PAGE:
This session finished with one of the most interesting papers of AUSCRS. Professor Sunil Shah from the UK’s Birmingham and Midland Eye Centre talked about a novel scleral microperforation laser treatment designed to treat presbyopia using scleral relaxation. He discussed both the traditional Helmholtz theory of accommodation and the more recent, less widely accepted theory from Schachar. Hardening of both the crystalline lens and the sclera both happen with ageing. The treatment involves using an Erbium YAG laser to make multiple micropores in the sclera in four quadrants, about 4mm posterior to the limbus, with each treatment lasting 14 seconds. Early results show improved, uncorrected distance vision in low hyperopes as well as improved, unaided intermediate and near vision. Problems with the treatment at present include making the holes too deep. OCT guidance may be a future refinement. The intraocular pressure also drops via increasing uveoscleral outflow.
Cataract surgery, dry eye, SMILE and CXL
There were a number of highlights during the second day too. Sydney-based Associate Professor Michael Lawless gave a very good paper on assessment of dry eye in cataract and refractive surgery patients using both validated questionnaires and tear film osmolarity measurements. He concluded that about 60% of patients presenting for corneal refractive surgery or refractive cataract surgery require some tear film optimisation. Most can be improved using a course of topical steroids but Meibomian gland dysfunction treatments are also useful.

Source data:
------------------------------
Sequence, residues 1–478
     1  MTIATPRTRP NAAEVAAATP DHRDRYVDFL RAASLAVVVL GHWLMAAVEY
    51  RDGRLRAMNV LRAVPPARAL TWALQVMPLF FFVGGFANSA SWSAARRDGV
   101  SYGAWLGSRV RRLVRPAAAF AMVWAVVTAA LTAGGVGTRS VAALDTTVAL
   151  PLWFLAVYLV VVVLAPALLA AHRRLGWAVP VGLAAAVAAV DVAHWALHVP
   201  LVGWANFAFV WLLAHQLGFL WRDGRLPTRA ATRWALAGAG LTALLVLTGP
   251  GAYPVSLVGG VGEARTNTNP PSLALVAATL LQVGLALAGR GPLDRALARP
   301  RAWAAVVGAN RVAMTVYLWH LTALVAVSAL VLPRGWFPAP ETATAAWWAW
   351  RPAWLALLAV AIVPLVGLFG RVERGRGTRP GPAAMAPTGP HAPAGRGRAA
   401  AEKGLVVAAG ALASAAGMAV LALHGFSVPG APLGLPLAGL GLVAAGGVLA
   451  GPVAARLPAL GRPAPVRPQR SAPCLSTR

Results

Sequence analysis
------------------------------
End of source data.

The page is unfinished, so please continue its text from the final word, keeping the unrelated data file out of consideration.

Dr Anil Anora spoke about his experience with SMILE, presenting data giving a worldwide ectasia rate of 1 in 100,000 after 1.5 million procedures. In my own opinion, an ectasia rate for SMILE is still difficult to quantify as some of my own LASIK patients have presented with mild cases of ectasia over 10 years post-operatively. Certainly, one of the driving factors towards increasing use of SMILE versus LASIK is the possibility of the improvement in long-term corneal mechanical strength but only time with tell us.